American Athenaeum is a cultural magazine that features fiction, poetry, essays, opinion, author book reviews, and other literary contributions. Each journal explores the world of words like a patron explores a museum—by offering a view of the past, right up until the present. We consider this journal to be a museum of artistic endeavors, filled with cultural appreciation and stories that not only teach, but demonstrate the frailty of the human condition.

About us: American Athenaeum takes its name from one of the first literary journal ever published in London during the early 1800s called Athenaeum. We strive to offer a kaleidoscope of voices that represents the common person. Whether writers know it or not, they are influenced by the world around them. Each shares a slightly different worldview and experience into their writing. And just as we can know, understand, and learn through the voices of the past, it is our hope that through this publication, each of our smaller worlds will grow a little bigger.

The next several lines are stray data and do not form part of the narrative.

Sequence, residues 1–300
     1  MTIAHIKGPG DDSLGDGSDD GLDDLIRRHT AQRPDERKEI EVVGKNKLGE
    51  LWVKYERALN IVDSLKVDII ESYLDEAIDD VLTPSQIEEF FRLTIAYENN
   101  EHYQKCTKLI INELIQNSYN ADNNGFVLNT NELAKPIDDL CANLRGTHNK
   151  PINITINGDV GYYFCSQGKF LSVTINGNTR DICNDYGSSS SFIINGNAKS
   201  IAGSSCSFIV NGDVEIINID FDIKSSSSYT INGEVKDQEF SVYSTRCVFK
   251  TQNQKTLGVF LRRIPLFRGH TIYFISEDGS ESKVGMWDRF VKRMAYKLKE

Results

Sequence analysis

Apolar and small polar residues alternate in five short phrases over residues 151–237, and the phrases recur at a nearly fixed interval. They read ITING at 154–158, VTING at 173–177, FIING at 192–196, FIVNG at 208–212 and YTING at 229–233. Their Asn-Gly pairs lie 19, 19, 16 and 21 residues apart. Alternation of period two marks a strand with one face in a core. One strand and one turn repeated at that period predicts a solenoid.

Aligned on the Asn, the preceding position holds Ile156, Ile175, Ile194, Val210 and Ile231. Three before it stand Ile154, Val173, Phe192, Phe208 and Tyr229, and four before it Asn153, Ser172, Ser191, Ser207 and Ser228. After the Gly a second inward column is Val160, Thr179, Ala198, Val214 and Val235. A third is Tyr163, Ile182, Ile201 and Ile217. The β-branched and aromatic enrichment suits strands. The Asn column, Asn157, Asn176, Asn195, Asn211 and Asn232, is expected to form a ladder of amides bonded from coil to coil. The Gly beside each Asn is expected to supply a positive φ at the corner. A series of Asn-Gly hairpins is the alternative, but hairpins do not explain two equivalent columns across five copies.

Publishing the Voices of the Unheard
We wanted to open a museum, the bricks-and-mortar type, a place where we could showcase community art and writing. We envisioned artists (musicians, poets, writers, painters, etc.,) coming together in an inviting haven to share their work right alongside the common person as well as the known. We pictured rooms filled with art and writing from the past, like a miniature Library of Alexandria, and as patrons, we would remember where we've been, what we've collectively experienced, and consider where we might go next; most importantly, that we might begin to explore the possibility of a hopeful, compassionate future. 

American Athenaeum is the embodiment of this vision. 
Please take a moment to visit our exhibits, and support the work of artists from our global community. Here you'll find the janitor, the indigenous voice, the outspoken, the shy or comedic, the heroic, the disabled, the bus rider, the scholar, the  poet—ultimately your neighbors. Share us with your friends and in your classrooms, and most especially, read, read, read the voices, allow them to take you to a place you've never been before.